According to the Communication COM(2017) 534 final of the European Commission “Boosting growth and cohesion in EU border regions“ labor mobility is the most important area directly affected by border obstacles. These hurdles have negative impacts especially on frontier commuters and they usually relate to a lack of cooperation between public employment services in border regions; difficulties in accessing general information and vacancies in the cross-border labour market; the recognition of diplomas and skills; taxation, social security and pension rights issues.
In the course of the first phase of b-solutions, 9 different obstacles have been identified under the thematic area of “Employment” and solutions to them have been proposed or, in some cases, already implemented. More details on the hurdles and on the relative solutions are available on the final compendium that the Association of European Border Regions (AEBR) have elaborated in cooperation with the European Commission’s Border Focal Point at DG REGIO.
In 2020, the third call for proposals of the initiative led to the selection of 5 more obstacles to cross-border employment. All of them have been submitted by European Groupings of Territorial Organisations (EGTCs) and Euroregions that involve 7 different Member States and 4 border sections. They address problems concerning the coordination between different social security systems, the validation of certain professions by the neighboring country and the adaptation of “vocational training” experiences to the cross-border context.
Below, a short description of the selected cases.
In case you face similar problems in your border region(s), keep in mind that a 4th call for proposals of b-solutions to advise more obstacles will be opened at the beginning of 2021!
Cross-border staffing difficulties – ambiguous application of social and health insurance regulations
The Ister-Granum EGTC is a cross-border structure registered in Hungary and it employs people living in Hungary and in Slovakia alike. However, staff members residing in Slovakia face uncertainties if they have extra financial working activities in their country, beyond their regular employment at the EGTCs.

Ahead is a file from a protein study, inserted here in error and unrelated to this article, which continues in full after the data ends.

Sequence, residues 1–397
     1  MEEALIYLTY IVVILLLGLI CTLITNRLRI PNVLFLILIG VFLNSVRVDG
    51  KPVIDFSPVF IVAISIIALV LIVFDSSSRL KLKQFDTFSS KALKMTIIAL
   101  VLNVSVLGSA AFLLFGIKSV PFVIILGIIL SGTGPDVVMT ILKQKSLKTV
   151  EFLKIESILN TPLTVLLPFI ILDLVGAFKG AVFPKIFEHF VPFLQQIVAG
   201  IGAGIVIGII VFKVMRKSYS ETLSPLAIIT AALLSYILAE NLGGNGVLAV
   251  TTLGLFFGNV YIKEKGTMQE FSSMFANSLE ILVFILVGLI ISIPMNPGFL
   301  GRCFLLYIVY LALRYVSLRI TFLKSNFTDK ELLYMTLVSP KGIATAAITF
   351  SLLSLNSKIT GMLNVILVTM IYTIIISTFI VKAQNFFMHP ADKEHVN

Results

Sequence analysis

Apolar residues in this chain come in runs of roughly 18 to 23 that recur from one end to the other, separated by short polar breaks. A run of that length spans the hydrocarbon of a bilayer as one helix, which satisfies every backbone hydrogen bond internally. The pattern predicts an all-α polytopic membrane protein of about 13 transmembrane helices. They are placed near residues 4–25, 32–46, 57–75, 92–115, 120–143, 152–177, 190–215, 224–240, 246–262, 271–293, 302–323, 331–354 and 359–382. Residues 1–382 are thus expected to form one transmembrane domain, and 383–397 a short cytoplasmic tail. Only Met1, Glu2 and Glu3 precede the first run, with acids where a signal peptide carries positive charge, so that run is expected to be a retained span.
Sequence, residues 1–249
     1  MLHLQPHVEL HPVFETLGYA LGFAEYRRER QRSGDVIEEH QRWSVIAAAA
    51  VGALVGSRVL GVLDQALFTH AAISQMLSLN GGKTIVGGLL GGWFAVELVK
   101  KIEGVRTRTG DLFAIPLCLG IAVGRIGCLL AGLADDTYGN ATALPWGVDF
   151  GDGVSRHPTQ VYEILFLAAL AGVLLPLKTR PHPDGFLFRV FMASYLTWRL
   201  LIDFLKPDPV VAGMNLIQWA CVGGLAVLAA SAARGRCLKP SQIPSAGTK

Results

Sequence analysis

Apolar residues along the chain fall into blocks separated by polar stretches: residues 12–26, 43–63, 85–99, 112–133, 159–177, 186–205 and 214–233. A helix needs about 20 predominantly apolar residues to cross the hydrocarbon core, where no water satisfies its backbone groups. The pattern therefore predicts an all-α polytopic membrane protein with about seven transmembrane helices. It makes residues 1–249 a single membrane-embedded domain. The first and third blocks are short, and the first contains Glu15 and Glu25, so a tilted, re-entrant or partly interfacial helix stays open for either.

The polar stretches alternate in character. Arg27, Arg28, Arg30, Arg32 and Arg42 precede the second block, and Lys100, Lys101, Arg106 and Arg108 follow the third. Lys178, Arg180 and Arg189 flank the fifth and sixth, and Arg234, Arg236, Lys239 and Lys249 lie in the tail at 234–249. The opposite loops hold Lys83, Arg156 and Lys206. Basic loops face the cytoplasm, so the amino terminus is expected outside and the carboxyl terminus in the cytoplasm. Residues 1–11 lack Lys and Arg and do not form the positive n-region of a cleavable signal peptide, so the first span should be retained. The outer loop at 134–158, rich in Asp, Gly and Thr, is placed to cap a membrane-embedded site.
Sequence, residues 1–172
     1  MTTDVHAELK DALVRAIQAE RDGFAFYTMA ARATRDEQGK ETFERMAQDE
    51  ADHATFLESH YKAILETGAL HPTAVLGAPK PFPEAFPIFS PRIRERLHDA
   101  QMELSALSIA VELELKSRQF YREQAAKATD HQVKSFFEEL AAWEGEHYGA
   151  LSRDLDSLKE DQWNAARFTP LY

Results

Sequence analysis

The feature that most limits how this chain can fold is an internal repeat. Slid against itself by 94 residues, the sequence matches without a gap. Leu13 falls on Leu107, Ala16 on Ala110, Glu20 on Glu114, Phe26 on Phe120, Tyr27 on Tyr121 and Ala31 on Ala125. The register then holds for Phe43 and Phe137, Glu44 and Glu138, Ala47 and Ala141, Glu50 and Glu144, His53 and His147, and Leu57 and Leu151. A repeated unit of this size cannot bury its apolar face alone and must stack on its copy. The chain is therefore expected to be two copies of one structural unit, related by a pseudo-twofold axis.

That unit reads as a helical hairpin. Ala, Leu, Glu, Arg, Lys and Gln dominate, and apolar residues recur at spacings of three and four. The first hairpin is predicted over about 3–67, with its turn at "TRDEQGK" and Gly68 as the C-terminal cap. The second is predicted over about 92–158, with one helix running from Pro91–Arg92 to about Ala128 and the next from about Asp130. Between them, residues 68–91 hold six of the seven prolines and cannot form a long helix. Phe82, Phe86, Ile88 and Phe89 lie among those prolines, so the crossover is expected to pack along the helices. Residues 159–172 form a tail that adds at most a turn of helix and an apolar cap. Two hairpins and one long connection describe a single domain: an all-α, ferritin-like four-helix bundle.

European laws (Regulation EC 883/2004) supervised such cases with the introduction of Certificate A1. Yet, different social security systems and diverging interpretations of the regulation lead to inconsistencies of the administrative procedures for managing the certificate. This can result in financial losses for frontier workers and double work.
This problem has a negative impact on thousands frontier workers along the same border, as well as on the personnel of the other 12 European Grouping of Territorial Cooperation (EGTCs) therein located. Therefore, a solution would foster a more integrated cross- border system of employment and it could also serve as a model for other EU border regions where these issues are identified.
KOMPAR - Promoting employability in the health & social sector
EGTC Euroregion Nouvelle-Aquitaine Euskadi Navarra
The EGTC Euroregion Nouvelle-Aquitaine Euskadi Navarra co-finances the vocational training working community KOMPAR which aims at promoting the cross-border training and employment of young professionals in the health and social sector.